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Young German man studies TCM in China | Updated: 2022-04-29 15:14
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Wu Ming reads Huangdi Neijing (Inner Canon of the Yellow Emperor) at home in Zhengzhou, Henan province, on April 20. [Photo/]

According to report from, Wu Ming (cultural transplantation name) is a young German born after 1995. Wu is a big fan of Chinese culture, such as the Shaolin kung fu, a traditional Chinese martial art.

He has been learning traditional Chinese medicine since 2016, almost seven years. Now he is studying for his master degree at Henan University of Chinese Medicine.

As he thought some diseases can't be treated thoroughly with Western medicine, he decided to dig into TCM. Wu came to Central China's Henan province in 2015, where a profound TCM culture can be enjoyed because Henan province it is the hometown of Zhang Zhongjing, the medical sage of ancient China. After one-year of learning the Chinese language, he started to learn Chinese medicine. "TCM is one of the best-preserved aspects of Chinese culture", said Wu. He hopes to solve problems and understand Chinese culture intimately by learning TCM.

In the early stages, Wu always tasted some Chinese herbal medicine by himself, just like Shen Nong, a character in Chinese legend, who tasted most of the herbal medicine himself to know their properties and therapeutic effects. He also conquered the language barrier by learning and practicing Chinese, especially the Henan dialect, as his teachers, schoolmates, and even some patients speak with the Henan dialect in their daily conversations. Although sometimes he still has trouble distinguishing between Mandarin and the dialect, he can use the Henan dialect to communicate with others.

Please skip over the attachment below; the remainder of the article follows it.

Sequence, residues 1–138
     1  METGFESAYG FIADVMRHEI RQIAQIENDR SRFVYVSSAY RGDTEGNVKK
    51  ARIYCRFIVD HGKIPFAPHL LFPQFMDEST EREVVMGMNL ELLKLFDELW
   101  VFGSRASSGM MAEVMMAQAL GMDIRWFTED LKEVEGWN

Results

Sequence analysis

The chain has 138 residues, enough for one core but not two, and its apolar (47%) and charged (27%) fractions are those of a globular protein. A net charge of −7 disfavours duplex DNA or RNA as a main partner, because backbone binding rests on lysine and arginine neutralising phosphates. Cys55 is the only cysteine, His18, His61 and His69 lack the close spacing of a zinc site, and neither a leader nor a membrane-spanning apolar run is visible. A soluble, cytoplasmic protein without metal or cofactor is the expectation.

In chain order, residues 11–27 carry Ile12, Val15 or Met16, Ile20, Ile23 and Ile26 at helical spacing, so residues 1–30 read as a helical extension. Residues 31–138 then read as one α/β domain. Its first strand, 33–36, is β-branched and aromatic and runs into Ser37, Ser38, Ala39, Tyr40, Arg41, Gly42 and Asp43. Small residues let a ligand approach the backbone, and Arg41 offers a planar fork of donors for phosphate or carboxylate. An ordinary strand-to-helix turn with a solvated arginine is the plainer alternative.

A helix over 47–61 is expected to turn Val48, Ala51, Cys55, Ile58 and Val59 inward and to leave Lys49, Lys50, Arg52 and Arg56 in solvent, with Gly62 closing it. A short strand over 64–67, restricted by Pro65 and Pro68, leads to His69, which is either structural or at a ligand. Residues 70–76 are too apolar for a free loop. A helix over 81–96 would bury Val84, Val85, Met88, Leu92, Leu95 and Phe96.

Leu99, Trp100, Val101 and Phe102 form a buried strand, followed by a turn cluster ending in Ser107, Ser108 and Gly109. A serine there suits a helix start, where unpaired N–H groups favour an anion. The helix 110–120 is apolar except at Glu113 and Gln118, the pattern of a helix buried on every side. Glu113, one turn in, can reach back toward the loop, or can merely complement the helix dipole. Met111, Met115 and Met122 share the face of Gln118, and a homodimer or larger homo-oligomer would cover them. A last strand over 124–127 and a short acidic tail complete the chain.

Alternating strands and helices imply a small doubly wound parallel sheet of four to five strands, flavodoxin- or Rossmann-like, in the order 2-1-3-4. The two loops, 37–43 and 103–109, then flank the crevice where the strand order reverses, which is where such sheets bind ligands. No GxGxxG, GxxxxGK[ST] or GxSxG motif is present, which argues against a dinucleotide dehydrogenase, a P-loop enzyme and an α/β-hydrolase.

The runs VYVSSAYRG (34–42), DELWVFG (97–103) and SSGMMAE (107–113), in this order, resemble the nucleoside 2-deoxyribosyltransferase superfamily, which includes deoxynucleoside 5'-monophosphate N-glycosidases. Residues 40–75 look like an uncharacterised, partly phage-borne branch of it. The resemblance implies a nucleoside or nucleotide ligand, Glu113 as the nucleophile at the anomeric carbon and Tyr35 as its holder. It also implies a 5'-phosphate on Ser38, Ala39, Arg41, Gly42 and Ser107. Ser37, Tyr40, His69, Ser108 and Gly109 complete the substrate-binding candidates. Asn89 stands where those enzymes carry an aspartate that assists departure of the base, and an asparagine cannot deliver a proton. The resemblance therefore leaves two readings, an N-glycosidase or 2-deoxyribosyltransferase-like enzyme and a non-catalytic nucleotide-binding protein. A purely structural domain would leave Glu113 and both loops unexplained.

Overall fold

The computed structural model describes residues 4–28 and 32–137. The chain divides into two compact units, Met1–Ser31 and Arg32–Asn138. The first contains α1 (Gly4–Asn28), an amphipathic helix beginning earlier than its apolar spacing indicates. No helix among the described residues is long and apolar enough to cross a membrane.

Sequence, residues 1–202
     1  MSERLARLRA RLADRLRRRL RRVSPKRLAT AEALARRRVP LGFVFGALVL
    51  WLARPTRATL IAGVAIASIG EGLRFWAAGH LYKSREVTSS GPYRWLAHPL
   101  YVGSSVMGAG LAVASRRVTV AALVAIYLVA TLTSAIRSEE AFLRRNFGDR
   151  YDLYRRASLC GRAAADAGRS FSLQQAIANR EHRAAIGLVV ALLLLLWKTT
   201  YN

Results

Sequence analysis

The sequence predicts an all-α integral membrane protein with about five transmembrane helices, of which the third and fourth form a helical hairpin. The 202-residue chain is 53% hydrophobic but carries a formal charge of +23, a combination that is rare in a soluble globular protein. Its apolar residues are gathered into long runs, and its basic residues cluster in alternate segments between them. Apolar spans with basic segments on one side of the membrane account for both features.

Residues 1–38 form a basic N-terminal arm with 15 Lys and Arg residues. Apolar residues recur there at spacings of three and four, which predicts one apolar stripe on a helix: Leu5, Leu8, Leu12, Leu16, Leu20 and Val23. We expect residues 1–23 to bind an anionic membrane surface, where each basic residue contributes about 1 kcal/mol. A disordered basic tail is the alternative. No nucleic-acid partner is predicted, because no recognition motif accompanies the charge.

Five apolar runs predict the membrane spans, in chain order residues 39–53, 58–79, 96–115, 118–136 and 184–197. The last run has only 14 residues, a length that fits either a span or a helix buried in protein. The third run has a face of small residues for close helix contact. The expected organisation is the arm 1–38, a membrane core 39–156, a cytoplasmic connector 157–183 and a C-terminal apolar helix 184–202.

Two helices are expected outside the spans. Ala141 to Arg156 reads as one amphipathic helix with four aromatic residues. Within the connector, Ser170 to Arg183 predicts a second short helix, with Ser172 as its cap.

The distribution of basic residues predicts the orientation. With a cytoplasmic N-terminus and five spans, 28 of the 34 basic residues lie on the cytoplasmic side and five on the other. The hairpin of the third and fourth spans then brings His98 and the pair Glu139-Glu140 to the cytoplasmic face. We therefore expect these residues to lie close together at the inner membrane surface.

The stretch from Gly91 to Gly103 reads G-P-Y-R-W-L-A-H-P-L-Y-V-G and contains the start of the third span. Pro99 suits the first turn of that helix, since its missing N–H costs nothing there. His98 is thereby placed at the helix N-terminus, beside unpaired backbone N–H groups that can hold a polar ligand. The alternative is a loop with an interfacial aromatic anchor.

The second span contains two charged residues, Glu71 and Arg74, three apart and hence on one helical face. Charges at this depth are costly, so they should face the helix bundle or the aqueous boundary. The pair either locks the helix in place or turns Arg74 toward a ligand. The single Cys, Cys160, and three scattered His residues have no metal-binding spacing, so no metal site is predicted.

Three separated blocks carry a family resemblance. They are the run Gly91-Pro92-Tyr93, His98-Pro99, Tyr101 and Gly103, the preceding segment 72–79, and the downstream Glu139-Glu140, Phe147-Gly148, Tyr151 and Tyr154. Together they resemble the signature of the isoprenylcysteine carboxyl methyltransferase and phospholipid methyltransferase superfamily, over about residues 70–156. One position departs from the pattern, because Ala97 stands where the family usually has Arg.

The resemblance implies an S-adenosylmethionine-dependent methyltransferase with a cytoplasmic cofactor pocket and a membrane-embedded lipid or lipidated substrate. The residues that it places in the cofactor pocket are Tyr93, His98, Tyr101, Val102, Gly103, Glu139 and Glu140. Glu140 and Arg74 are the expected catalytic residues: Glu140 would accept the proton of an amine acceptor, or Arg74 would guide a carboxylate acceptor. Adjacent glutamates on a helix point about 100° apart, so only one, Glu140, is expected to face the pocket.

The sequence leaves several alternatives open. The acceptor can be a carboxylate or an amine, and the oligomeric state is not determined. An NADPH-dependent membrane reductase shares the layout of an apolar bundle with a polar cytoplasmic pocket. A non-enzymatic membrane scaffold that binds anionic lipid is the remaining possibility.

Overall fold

Without a language barrier, Wu read some of the ancient Chinese medical classics, such as Huangdi Neijing (Inner Canon of the Yellow Emperor). He believes different aspects of traditional Chinese culture interact with each other. Taking Huangdi Neijing as an example, it is closely intertwined with culture from Yi Jing (The Book of Changes) and Taoism, one of the ancient Chinese philosophies.

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